Shoes, catheters, even pacemakers and dacryphilia: academics have made it their duty to study the ever-expanding catalogue of things that turn people on
by Marc Abrahams
On 28 October 2004 we humans took a giant step towards cataloguing all of our sexual fetishes. An Italian/Swedish research team, led by Claudia Scorolli at the University of Bologna, downloaded data from hundreds of online fetish discussion groups and spent the next three years analysing their haul. Then they published a study in the International Journal of Impotence Research: Relative Prevalence of Different Fetishes.
Many fetishes concern body parts, the catalogue reveals. Feet and toes lead the list, followed in order of frequency by body fluids (blood, urine, etc), then body size (slim, stout, short, tall, whatever) and head hair. The least coveted bits by fetishists are nails, nose, ears, neck and, in last place, body odour.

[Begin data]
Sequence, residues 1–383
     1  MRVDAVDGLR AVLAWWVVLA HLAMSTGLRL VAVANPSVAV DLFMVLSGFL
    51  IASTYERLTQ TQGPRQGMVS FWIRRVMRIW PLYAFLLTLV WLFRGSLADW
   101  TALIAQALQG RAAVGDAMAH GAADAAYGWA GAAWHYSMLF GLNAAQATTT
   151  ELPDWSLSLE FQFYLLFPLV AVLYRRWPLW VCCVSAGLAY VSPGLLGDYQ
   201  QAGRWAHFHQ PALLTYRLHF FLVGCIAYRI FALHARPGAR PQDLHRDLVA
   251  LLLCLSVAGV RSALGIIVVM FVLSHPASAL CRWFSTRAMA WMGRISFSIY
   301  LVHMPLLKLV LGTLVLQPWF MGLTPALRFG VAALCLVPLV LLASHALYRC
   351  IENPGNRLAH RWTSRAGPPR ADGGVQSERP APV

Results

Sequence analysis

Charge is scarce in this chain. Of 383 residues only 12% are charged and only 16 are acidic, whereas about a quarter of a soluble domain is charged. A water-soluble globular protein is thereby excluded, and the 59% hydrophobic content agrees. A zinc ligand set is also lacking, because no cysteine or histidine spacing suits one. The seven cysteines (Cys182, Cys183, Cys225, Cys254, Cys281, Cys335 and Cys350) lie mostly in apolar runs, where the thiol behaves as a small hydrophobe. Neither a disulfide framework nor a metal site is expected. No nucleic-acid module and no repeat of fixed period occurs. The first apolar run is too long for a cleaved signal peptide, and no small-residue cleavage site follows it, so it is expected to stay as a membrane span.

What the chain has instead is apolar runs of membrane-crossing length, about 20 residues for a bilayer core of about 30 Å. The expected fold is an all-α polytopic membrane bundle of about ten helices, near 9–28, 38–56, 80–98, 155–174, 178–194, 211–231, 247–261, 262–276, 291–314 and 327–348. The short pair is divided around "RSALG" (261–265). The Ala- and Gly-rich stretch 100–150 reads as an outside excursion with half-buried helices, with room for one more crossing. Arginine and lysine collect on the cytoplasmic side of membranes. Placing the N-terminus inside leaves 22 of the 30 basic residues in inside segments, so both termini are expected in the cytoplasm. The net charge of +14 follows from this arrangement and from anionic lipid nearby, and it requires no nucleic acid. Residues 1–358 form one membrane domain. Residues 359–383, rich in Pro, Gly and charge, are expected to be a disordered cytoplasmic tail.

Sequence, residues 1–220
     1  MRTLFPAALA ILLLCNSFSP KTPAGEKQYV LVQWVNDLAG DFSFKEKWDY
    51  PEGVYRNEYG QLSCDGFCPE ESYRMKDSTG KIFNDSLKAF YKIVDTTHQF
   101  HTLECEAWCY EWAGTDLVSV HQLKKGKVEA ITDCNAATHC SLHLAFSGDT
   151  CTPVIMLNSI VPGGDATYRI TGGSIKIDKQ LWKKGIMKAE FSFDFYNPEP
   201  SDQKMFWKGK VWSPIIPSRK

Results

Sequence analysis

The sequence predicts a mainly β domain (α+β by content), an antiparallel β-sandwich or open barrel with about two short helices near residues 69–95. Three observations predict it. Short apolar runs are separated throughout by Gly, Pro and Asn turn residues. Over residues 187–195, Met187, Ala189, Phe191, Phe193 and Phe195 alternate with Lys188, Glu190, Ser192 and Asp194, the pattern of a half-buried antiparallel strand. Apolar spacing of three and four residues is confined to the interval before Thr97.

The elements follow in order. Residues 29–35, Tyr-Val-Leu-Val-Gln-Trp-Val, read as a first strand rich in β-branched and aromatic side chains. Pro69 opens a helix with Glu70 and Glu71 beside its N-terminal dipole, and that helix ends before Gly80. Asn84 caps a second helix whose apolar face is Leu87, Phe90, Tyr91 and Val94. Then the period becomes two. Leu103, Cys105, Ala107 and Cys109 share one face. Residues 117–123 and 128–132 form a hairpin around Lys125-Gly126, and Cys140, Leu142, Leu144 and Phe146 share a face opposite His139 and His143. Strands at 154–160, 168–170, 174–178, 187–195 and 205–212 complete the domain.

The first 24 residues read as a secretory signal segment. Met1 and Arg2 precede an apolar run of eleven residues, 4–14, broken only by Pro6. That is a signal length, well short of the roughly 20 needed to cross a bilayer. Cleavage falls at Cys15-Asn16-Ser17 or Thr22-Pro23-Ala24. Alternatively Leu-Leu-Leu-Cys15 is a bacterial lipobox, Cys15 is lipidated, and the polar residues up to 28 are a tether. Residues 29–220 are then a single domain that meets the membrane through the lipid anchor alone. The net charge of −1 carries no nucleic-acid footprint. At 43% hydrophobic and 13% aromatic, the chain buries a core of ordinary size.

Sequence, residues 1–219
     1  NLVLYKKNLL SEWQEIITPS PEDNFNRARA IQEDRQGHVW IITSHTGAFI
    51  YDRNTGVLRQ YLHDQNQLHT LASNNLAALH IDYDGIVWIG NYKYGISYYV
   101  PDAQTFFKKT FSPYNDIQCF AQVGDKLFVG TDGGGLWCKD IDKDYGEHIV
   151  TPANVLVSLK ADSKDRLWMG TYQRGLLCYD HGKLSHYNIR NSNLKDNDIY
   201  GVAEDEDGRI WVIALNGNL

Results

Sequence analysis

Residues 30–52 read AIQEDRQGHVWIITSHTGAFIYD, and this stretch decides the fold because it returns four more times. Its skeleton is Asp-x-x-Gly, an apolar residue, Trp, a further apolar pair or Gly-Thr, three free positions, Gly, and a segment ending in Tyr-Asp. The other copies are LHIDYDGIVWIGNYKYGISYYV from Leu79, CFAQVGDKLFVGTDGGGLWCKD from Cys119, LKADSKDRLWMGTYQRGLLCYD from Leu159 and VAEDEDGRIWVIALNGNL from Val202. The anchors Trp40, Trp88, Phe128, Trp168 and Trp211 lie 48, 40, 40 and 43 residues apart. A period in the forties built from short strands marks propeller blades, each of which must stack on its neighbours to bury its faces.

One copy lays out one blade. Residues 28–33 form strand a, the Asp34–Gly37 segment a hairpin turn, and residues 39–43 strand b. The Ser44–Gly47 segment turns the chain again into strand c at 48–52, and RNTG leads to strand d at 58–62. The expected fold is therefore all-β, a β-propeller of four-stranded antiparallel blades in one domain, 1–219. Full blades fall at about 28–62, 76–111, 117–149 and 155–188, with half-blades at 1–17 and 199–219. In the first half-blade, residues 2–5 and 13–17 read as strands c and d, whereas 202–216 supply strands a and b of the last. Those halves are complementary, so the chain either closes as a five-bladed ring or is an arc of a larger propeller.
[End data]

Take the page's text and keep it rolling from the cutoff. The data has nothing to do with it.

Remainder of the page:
Other fetishes documented centre on objects associated with the body. Stockings, skirts, footwear and underwear are the most popular. The list eventually dribbles out, with some – but few – people erotically craving nappies, hearing aids, catheters and, dead last, pacemakers. Only two people are tallied as having a sexual preference for pacemakers. The catalogue does not specify whether the pacemakers are inside people, or in their boxes, or not.
Psychiatrists also do this kind of research, assaying the range of raunch to decide what – to their professional satisfaction – should be officially considered a fetish. The profession’s bible of treatable and billable conditions, the Diagnostic and Statistical Manual of Mental Disorders (DSM), must be kept up to date.